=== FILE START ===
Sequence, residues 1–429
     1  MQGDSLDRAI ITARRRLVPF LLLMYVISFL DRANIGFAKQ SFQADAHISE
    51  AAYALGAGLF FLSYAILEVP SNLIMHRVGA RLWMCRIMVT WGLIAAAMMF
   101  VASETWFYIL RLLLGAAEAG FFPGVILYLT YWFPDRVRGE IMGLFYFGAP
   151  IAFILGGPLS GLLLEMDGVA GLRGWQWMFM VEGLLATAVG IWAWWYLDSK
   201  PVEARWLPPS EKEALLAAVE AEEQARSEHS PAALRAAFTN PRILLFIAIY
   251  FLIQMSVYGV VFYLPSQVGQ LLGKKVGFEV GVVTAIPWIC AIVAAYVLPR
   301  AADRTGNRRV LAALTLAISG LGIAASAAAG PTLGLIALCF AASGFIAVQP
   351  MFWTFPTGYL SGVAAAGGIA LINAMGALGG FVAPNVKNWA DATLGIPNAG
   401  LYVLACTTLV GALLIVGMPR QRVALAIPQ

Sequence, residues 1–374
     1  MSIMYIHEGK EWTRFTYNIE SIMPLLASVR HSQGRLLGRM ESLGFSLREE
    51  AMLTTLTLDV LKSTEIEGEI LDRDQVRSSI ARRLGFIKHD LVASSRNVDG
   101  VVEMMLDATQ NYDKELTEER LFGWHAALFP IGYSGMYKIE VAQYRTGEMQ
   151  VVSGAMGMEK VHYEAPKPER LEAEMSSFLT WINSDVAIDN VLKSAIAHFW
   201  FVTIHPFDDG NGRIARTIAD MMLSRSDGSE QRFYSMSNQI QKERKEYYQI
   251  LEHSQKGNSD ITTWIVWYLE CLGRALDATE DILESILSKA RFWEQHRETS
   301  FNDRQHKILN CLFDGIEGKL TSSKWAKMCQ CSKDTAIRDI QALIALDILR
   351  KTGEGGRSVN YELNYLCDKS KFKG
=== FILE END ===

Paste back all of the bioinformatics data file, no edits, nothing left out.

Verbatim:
Sequence, residues 1–429
     1  MQGDSLDRAI ITARRRLVPF LLLMYVISFL DRANIGFAKQ SFQADAHISE
    51  AAYALGAGLF FLSYAILEVP SNLIMHRVGA RLWMCRIMVT WGLIAAAMMF
   101  VASETWFYIL RLLLGAAEAG FFPGVILYLT YWFPDRVRGE IMGLFYFGAP
   151  IAFILGGPLS GLLLEMDGVA GLRGWQWMFM VEGLLATAVG IWAWWYLDSK
   201  PVEARWLPPS EKEALLAAVE AEEQARSEHS PAALRAAFTN PRILLFIAIY
   251  FLIQMSVYGV VFYLPSQVGQ LLGKKVGFEV GVVTAIPWIC AIVAAYVLPR
   301  AADRTGNRRV LAALTLAISG LGIAASAAAG PTLGLIALCF AASGFIAVQP
   351  MFWTFPTGYL SGVAAAGGIA LINAMGALGG FVAPNVKNWA DATLGIPNAG
   401  LYVLACTTLV GALLIVGMPR QRVALAIPQ

Sequence, residues 1–374
     1  MSIMYIHEGK EWTRFTYNIE SIMPLLASVR HSQGRLLGRM ESLGFSLREE
    51  AMLTTLTLDV LKSTEIEGEI LDRDQVRSSI ARRLGFIKHD LVASSRNVDG
   101  VVEMMLDATQ NYDKELTEER LFGWHAALFP IGYSGMYKIE VAQYRTGEMQ
   151  VVSGAMGMEK VHYEAPKPER LEAEMSSFLT WINSDVAIDN VLKSAIAHFW
   201  FVTIHPFDDG NGRIARTIAD MMLSRSDGSE QRFYSMSNQI QKERKEYYQI
   251  LEHSQKGNSD ITTWIVWYLE CLGRALDATE DILESILSKA RFWEQHRETS
   301  FNDRQHKILN CLFDGIEGKL TSSKWAKMCQ CSKDTAIRDI QALIALDILR
   351  KTGEGGRSVN YELNYLCDKS KFKG